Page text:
I see what you mean and you are right. I think it's that it said "nationality/ies" that made the difference to me as I read that as implying that there could be a number of correct nationalities including zero. But that may just be how the sentence struck me rather than a particular grammatical rule. It probably doesn't stand up to analysis Regular smile

Super Member
Csatlakozott: 09.01.2018

I am not a native English speaker, so I didn't recognize the difference between "what" and "which". But now I see it, and I have to apologize that my riddle caused so many troubles. Wink smile

Super Member
Csatlakozott: 09.01.2018

What is the past tense of William Shakespeare?

Super Member
Csatlakozott: 15.08.2017

Williwas Shookpeare?

Super Member
Csatlakozott: 04.11.2017

Wouldiwas shookspeared

Super Member
Csatlakozott: 09.01.2018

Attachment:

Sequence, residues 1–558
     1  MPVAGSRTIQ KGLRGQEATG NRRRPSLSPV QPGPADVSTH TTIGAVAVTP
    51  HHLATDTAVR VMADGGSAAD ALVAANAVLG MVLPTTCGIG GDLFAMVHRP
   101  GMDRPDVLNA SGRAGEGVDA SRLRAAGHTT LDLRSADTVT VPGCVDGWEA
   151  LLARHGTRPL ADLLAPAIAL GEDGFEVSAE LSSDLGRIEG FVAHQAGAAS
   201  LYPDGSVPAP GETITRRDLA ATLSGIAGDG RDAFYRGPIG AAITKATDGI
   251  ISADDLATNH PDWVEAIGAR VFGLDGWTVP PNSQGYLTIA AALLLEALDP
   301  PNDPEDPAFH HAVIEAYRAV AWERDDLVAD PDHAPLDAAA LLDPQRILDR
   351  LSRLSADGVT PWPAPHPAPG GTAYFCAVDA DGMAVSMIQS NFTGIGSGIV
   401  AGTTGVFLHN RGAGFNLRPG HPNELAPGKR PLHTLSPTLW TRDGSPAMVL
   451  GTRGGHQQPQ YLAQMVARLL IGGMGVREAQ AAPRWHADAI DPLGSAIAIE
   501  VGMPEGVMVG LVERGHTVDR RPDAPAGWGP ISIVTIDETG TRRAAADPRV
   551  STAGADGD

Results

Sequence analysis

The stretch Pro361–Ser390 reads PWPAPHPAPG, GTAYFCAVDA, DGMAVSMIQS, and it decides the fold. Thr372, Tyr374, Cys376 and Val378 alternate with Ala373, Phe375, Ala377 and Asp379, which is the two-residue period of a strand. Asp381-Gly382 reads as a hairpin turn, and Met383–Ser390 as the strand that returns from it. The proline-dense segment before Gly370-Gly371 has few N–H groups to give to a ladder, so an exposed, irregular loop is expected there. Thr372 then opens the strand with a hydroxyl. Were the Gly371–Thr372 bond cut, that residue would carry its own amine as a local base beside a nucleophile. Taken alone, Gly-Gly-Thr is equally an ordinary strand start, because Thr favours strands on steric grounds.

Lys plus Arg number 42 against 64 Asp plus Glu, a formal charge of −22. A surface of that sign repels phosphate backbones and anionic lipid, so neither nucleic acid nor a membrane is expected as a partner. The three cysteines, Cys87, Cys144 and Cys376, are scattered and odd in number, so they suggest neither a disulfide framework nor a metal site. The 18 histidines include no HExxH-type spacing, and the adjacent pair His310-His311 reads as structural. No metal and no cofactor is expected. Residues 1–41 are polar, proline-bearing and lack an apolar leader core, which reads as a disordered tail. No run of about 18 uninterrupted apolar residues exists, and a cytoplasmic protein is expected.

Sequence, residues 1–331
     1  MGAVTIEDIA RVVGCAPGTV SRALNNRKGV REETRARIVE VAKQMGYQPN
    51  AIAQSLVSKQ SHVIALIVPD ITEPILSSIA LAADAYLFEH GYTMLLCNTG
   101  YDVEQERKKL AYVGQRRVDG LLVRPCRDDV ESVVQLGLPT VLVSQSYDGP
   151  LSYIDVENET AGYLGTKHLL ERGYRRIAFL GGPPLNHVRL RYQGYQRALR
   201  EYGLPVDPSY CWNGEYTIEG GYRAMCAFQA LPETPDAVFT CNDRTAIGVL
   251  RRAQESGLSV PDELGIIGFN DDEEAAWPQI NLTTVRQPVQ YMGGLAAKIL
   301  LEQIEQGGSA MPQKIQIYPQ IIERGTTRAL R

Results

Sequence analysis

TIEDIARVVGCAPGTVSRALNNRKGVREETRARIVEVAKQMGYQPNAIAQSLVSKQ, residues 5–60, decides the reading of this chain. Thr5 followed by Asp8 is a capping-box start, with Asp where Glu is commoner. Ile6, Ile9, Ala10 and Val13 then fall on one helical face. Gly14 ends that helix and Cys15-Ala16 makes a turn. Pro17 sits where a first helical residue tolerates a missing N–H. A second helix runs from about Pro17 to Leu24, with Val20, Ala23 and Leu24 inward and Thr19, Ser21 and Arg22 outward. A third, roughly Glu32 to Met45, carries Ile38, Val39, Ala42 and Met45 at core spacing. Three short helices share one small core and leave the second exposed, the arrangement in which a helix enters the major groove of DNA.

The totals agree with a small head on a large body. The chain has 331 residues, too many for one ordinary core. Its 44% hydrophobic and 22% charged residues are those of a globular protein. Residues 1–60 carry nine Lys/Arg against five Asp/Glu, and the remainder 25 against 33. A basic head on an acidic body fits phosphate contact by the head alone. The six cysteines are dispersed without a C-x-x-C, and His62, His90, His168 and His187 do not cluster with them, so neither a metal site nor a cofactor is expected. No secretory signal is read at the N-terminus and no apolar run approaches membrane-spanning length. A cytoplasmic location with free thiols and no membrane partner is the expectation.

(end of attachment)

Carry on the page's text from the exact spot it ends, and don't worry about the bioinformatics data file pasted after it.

Yes!

Editor (Resident Evil)
Csatlakozott: 26.10.2015

What's the female form of
"'Without mandatory guidance from the Lord, hell awaits all mankind,' Hermione said."?

Super Member
Csatlakozott: 11.08.2015

"Without womandatory girldance from the Lady, she'll awaits all womankind," Hermione said.

Super Member
Csatlakozott: 09.01.2018

Here's the solution of my anagram riddle:

1) Steylar Shyr - Harry Styles
2) Dena in Agarar - Ariana Grande
3) Rar Stin been a parc - Sabrina Carpenter
4) Wash me n send - Shawn Mendes
5) Kecbyg - Becky G
6) Leade - Adele
7) I list and feel eeh - Hailee Steinfeld
8) Rid by - Birdy
9) Be Ex Rehab - Bebe Rexha
10) Sully Rom - Olly Murs
11) I or Tara - Rita Ora
12) Gone me sazel - Selena Gomez
13) Dash en Ere - Ed Sheeran
14) Ashley - Halsey
15) If sort raw lyt - Taylor Swift
16) Y taker ryp - Katy Perry
17) Jim Conk Chalsea - Michael Jackson
18) I beret sun bij - Justin Bieber
19) I love da Tom - Demi Lovato
20) I like u my gone - Kylie Minogue

Teeth smile

Editor (Resident Evil)
Csatlakozott: 26.10.2015
OpalMoon wrote:

"Without womandatory girldance from the Lady, she'll awaits all womankind," Hermione said.

Almost. Regular smile

"Without womandatory galdance from tshe Lady, shell awaits all womankind," Himmione said.

Guest

correct!! Regular smile